Hello people, welcome to the holiday season! Hanukkah is on its third light, I believe. Kwanzaa still has a few days before it kicks off. Diwali…well, has been over for a while (sorry). And, it’s Christmas Eve (for the next hour). I’ve unwrapped my gift, finally.
That’s right. I’ve finally made it to the original, the first-born, Bob Clark’s 1974 Black Christmas. The chain-smoking, binge-drinking, constantly-swearing older sister that the other remakes watched in glazed envy and adoration at family gatherings.
Let’s get right into this because Santa brought me just what I wanted – a horror classic.
As with the remakes, we have a sorority house getting ready for their holiday break. Without their knowledge, someone slips into their attic and begins stalking them from within. They begin getting obscene phone calls, which they first take as a sick prank.
After one of the women goes missing, her father and the other sorority sisters try to find her and who could be behind her disappearance. Tensions rise as one of the sisters drinks and pushes the crisis, while another one of the women is at a crossroads in her life and dealing with an emotionally unstable boyfriend.
While they try to uncover the truth, will they realize that they are not alone before it’s too late?
The lighting is exceptional, especially when used emphasized certain aspects (the features of the house, the women, and the décor) and hide others (namely the killer). The use of shadow and light were so cleverly crafted; it shows the time and effort that went into the shots and their planning.
The music and, maybe more importantly, the absence of music were also spot on. There were times that it would have been easy to put in cheap music to superficially heighten the effect of the scene, but not having it made it more memorable and suspenseful (especially the scene when Jess and Phyl were downstairs talking alone).
And the most important thing – the characters had character. I could tell you about Jess, Barb, Phyl, Clare, and Mrs. Mac because they had something to tell. Barb may have been difficult to personally like, but she has clear motives and actions. You might not agree with Jess, but you understand her. So, when we got to the last girls, it was difficult to watch because we established a connection.
Maybe I’ve watched too many video nasties and splatter films, but I was surprised at how tame the death scenes were. Not that that’s intrinsically bad. I guess I was just was expecting more.
Brain Roll Juice:
There’s a good amount of juice to roll that brain around in. Many reviewers have discussed at length about Jess and her firm decision to have an abortion as a very powerful statement, which it certainly is. It’s also super rare to find in a horror movie, especially a slasher movie. Women having agency over their bodies in an art-form where they often don’t is surprising. The sad note is that this is before the boom of the slasher genre in which the art-form (horror) created the tropes that this film didn’t participate in. It seems like Bob Clark was trying to give women a voice, even in horror, before it was muddled into the annals of, well….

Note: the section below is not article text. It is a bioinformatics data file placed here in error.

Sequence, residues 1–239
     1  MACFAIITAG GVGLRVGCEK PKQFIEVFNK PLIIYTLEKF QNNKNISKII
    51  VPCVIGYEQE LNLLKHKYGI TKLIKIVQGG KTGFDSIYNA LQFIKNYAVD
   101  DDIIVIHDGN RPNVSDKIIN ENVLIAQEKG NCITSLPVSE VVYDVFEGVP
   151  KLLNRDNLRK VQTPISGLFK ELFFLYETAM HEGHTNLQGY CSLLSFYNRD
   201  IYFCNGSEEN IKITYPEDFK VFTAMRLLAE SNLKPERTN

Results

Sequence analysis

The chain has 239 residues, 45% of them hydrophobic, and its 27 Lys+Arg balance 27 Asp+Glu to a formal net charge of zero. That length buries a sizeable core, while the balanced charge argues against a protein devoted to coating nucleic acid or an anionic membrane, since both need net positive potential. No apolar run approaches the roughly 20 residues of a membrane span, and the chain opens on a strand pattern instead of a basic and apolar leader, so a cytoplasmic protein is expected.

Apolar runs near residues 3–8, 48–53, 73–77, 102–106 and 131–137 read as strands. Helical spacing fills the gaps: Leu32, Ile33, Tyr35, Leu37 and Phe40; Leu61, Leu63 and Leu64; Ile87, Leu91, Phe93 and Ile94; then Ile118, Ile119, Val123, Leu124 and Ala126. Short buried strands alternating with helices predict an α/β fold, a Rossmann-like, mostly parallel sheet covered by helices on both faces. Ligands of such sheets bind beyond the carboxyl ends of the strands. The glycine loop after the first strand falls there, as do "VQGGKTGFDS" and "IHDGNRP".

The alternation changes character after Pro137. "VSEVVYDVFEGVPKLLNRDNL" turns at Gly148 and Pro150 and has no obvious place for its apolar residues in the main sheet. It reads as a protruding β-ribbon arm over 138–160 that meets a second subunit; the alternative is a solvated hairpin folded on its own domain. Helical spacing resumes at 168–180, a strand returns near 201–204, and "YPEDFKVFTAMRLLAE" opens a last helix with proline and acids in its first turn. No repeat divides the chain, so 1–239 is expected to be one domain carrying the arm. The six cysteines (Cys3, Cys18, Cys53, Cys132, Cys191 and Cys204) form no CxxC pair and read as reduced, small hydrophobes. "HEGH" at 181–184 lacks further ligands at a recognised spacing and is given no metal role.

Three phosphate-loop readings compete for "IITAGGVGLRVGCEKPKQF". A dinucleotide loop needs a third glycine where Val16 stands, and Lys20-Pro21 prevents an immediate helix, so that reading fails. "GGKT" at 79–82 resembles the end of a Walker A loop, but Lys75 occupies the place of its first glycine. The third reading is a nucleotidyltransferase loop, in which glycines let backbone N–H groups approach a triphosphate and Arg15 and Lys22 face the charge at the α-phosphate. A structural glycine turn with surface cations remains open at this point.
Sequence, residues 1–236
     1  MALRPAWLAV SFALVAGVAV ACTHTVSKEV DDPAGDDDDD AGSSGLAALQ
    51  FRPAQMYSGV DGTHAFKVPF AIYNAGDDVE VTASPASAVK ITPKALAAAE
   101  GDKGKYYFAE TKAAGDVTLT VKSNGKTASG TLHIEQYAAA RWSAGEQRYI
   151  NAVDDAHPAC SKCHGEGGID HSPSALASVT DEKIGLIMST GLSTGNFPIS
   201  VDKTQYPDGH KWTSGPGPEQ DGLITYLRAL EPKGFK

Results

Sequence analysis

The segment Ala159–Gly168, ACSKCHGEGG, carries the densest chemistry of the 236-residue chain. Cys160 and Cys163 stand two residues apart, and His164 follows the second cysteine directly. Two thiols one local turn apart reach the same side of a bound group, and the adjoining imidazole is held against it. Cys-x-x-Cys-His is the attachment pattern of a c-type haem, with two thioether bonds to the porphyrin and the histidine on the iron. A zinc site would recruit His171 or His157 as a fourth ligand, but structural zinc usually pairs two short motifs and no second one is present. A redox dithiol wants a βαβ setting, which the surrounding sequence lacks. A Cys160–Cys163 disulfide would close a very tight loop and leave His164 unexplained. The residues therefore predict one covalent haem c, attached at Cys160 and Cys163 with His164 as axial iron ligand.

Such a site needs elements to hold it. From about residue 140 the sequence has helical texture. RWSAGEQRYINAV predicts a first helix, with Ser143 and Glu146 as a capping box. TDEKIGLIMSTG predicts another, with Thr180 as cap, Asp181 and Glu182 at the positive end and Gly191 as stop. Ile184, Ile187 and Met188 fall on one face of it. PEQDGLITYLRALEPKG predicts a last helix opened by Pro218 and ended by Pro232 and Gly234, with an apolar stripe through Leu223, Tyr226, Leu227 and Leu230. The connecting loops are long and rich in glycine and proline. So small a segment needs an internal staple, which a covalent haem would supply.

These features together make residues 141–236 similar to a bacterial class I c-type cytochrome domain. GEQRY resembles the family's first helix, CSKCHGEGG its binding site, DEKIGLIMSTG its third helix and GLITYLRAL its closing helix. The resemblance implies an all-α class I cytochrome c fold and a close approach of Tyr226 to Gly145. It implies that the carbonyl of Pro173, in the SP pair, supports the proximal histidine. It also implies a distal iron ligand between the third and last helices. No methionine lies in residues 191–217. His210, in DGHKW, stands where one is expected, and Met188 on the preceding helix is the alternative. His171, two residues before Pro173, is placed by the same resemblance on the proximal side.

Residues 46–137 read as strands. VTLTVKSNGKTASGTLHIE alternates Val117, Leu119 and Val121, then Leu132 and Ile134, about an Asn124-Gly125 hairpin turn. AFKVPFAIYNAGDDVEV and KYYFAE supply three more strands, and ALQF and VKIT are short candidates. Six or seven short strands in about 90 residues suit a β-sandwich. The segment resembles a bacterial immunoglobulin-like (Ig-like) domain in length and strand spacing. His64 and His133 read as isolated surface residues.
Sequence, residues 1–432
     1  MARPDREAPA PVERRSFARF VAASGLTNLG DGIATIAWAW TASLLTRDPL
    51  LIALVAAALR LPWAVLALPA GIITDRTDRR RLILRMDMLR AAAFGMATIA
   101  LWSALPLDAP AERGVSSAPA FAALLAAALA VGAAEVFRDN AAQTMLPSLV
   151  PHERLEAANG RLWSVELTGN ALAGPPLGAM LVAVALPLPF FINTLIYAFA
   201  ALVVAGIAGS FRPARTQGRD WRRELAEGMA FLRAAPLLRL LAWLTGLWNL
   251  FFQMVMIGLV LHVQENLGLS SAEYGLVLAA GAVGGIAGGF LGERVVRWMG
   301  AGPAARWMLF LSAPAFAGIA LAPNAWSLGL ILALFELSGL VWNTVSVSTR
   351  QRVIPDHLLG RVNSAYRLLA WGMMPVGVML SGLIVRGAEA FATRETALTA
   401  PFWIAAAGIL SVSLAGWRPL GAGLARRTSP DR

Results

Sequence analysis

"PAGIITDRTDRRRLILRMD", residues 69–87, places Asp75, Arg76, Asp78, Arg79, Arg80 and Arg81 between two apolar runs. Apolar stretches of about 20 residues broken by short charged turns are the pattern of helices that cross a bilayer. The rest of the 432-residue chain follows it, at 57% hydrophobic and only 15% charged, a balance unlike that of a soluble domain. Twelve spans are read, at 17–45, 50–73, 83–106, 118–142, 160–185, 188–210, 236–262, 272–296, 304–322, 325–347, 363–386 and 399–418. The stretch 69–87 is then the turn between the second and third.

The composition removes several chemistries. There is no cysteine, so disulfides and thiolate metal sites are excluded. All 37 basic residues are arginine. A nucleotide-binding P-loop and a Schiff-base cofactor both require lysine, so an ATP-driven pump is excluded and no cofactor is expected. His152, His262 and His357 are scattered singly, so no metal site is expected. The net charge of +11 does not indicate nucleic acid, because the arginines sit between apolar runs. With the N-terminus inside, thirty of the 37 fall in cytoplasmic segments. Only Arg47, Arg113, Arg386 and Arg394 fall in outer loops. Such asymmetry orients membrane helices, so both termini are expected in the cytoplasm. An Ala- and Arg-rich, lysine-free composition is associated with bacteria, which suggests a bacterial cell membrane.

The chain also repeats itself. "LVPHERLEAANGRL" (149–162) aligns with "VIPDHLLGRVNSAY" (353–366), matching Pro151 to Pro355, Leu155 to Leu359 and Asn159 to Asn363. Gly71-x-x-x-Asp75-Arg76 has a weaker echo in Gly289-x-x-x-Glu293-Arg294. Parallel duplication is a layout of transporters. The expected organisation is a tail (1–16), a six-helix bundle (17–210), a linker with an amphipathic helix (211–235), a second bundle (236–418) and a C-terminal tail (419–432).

But actually, I want to talk about character for one more second, or at least identity. Again, as this was fresh and free from the land of some of tropes that would come to be, it was refreshing to see that each girl was not just a Spice Girl-type representative. They had depth. They had character. Even the girl that was murdered first was still part of the story, the main story. She wasn’t just forgotten, not by the characters and not by the viewer.
Comparison and Bottom-Line:
It’s hard not to compare all three films, but I’m only human (mostly). Creating a remake is difficult because you often lose what made the first one so good. Sometimes even with the most precise planning and plotting, you just can’t create what was and replicate why it struck a nerve with people.
And however it happened, be it everything just falling into place and creating a Festivus miracle, the first movie worked and still works. The screams of Jess on the landing are just as heartbreaking. The fumbling of an old man trying to find his glasses just knocked off from a snowball, while waiting for a daughter who will never arrive, is still unnerving. Just as the ending is still effective and haunting.
These are the moments that will stay with us long after it’s over, not the incomprehensible snarky mess of 2006, and not the well-meaning but detached addition to the legacy in 2019. Real moments, real human emotions and empathy, felt between us.
And isn’t that what the holidays are supposed to be about?
Probably.(4 / 5)